Closing Range

An Old Bait and Switch

Montana’s eco-radicals are in a tizzy, as I-80’s passage was a stunning political masterstroke for them

By Dave Skinner

There’s been some rumbling about Montana House Bill 273, sponsored by Flathead state Rep. Derek Skees (R). His bill would repeal those parts of Montana Code Annotated 75-20-12XX concerning major facility siting of nuclear power plants made law in 1978 when Montana voters approved Initiative 80.

Montana’s eco-radicals are in a tizzy, of course, as I-80’s passage was a stunning political masterstroke for them, just amazingly good political deflection. Today’s howling about Skees trying to “eliminate the public vote” is just as good, frankly. I actually had an otherwise conservative friend call me, expressing his upset that the people’s voice was being silenced.

On topics as consequential as bringing nuclear power (and all its benefits, and consequences) to join our missiles, putting the issue before voters might make sense, if voters are actually well-informed on what they’re really voting for and savvy enough to recognize being baited and switched.

Some history: I-80 passed three weeks before I was old enough to vote. It was pretty much a re-hash of 1976’s tried and failed I-71, in turn a cheap re-hash of a failed California nuke-ban initiative, “an act to ban” all nuclear building that was, and remains, the fever-dream-come-true of every wild-eyed “No Nukes” tort attorney ever.

I-71 went down in 1976 by about 20 points, with 290,000 total votes cast. But just two years later, the barely changed I-80 passed by over 30 points with 278,000 total votes. 

Why? Even if you’re old enough to remember, please don’t give Hanoi Jane Fonda any credit. Our vote came before her China Syndrome movie and the Three Mile Island partial meltdown.

I-71 was called “Montana Legislative Approval for Nuclear Facilities” and voters were asked to be for or against “an act to ban nuclear power in Montana until the conditions specified [are] met.” Now, that’s pretty straightforward, honest packaging – and I-71 failed.

How about in 1978? I actually looked at the Voter Information Pamphlet for 1978. It’s a mess, fully 49 gray pages jammed with blather about no less than SIX constitutional items, TWO legislative referendums, and THREE initiatives. The only breaks in 49 gray pages of mostly-unreadable self-serving blather for and against are the check-box sections. Are you kidding me? It’s election night after work, you’re hungry, there’s a line. The nuke part ALONE begins on page 34 and runs to the top of page 40.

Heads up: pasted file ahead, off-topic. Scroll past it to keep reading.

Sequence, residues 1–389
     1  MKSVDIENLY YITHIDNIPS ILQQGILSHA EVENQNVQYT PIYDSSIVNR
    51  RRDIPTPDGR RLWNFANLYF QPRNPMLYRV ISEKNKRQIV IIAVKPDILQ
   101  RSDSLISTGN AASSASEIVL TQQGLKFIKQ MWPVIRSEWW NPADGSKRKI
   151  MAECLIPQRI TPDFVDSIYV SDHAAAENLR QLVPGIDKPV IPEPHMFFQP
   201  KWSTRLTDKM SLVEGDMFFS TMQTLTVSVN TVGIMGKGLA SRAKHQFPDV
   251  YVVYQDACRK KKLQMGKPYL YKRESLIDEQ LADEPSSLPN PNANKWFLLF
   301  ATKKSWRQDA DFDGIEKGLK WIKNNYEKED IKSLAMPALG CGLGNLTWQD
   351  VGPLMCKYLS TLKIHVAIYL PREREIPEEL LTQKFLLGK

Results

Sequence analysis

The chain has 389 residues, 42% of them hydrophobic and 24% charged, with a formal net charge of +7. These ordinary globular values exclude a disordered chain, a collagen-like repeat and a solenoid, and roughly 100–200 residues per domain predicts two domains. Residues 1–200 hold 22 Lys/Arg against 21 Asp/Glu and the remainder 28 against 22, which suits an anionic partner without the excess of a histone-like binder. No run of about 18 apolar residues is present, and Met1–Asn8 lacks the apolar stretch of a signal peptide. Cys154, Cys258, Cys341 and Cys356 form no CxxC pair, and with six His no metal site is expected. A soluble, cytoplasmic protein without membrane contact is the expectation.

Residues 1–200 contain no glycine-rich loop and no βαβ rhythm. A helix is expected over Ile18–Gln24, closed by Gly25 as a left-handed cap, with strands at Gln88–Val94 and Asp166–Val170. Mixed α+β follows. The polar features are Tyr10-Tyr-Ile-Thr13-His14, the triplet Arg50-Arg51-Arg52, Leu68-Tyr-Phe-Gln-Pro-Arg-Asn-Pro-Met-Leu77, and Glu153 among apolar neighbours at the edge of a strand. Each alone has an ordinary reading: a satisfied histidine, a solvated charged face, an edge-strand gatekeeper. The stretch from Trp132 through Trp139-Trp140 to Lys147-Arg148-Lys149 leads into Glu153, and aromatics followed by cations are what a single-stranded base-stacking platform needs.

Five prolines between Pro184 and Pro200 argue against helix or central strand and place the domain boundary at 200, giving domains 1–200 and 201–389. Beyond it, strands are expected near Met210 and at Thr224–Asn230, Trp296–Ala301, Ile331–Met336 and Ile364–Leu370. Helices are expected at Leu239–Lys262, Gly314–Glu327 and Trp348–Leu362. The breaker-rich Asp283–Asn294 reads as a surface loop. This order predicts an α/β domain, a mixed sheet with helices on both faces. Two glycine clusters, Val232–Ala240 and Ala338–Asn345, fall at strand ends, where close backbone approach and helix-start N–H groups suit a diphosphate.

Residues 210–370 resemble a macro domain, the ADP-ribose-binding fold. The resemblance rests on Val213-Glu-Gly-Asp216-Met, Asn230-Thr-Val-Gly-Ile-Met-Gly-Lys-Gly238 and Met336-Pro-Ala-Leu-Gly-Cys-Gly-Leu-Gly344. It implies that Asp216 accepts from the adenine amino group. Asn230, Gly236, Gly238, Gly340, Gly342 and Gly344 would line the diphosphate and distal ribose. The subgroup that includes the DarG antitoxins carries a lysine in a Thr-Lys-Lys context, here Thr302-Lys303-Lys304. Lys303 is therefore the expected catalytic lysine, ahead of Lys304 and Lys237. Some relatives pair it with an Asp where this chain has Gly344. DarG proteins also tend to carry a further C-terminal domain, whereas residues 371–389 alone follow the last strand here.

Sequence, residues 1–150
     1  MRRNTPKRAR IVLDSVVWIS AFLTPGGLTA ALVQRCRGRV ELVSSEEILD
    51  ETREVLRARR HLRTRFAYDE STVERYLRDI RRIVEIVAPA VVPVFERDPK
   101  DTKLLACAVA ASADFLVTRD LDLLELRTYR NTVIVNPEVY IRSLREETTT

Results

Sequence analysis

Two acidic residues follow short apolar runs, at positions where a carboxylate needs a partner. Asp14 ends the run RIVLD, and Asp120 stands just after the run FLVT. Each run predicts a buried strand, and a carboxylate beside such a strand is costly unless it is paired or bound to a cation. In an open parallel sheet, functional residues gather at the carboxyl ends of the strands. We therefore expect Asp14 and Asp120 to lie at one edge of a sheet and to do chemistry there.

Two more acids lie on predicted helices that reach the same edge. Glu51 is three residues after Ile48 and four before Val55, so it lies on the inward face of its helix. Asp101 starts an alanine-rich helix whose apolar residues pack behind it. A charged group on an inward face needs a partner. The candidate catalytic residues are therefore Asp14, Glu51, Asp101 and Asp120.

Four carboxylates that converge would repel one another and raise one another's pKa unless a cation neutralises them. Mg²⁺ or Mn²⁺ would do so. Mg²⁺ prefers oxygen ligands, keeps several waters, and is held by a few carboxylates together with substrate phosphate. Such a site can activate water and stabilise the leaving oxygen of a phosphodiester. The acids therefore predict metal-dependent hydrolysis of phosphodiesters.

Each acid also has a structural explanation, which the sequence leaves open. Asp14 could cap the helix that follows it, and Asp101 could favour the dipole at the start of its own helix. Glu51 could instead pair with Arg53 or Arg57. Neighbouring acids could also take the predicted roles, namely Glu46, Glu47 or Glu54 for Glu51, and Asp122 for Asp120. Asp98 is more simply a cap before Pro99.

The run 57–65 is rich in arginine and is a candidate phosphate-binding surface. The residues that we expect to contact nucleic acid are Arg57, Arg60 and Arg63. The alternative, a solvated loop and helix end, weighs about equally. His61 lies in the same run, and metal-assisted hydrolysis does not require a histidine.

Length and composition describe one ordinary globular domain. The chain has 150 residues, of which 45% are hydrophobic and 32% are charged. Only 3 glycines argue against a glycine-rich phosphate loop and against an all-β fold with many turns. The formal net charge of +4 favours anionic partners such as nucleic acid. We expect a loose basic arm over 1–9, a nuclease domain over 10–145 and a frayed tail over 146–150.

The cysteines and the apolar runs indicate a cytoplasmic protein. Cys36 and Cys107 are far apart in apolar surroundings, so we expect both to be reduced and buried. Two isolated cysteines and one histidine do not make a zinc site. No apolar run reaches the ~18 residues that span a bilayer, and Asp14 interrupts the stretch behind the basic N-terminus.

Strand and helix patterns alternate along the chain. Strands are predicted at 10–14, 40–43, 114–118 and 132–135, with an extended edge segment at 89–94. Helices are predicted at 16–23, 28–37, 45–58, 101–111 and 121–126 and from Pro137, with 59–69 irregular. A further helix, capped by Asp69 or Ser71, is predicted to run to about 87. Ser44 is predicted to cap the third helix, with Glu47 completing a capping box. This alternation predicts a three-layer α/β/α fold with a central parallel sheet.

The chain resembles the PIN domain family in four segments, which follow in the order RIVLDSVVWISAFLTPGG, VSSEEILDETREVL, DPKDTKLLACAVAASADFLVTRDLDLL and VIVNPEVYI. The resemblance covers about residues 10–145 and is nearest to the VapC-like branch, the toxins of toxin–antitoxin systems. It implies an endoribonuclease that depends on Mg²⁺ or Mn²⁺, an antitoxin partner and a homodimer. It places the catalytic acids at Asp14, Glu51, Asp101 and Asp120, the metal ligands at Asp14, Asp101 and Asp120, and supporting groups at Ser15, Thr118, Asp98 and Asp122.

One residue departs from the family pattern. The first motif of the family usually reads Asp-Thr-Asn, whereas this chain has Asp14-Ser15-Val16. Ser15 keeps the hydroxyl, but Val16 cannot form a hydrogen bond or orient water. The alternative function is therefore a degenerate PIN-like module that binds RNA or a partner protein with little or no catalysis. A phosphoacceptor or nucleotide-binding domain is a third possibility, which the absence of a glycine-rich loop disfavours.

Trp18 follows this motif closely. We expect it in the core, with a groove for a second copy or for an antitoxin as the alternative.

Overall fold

If more than 50 Montanans can say they actually read the whole pamphlet, voted accordingly AND pass a lie-detector test, I’ll quit chewing snoose. That’s a big bet.

But something else changed. Proponents morphed 1976’s “Act to Ban” into 1978’s “Act Empowering Montana Voters” – everyone is for that, right? Me too! 

Even better, the language next to the pamphlet check boxes changed to for/against “giving Montana voters power to approve or reject any proposed major nuclear power facility and establishing nuclear safety and liability standards.” We all trust ourselves to be savvier than our politicians, even if we’re really not, don’t we? Yay for us!

All I can say is, pretty slimy, and effective – brilliant politics, a spot-on read of how Montana voters actually behave in the voting booth. But as law, I-80 is flat-out radical.

In effect, the actual language setting the “standards” that voters codified is so ridiculous, there’s actually no possibility of building any nuclear power facility, ever. I-80’s backers never, ever intended for “the process” to get anywhere near a “public vote” at any time. How can you “eliminate” something that is already impossible? 

I’m sorry but anyone claiming I-80 was ever about actually “empowering” Montanans was, is now, and always will be, a flat-faced liar. As for my fellow citizens who fell for this shameless “public vote” gambit? Shame on you.

So, what now? Now that I know what’s going on, I fully support HB 273’s repeal of I-80, which was never, ever about giving Montana voters any say whether or not we should have nuclear energy. The only thing I’d change: Don’t repeal, but keep the section where “voters in a statewide election called by initiative or referendum” might finally get to vote – hopefully much more wisely.

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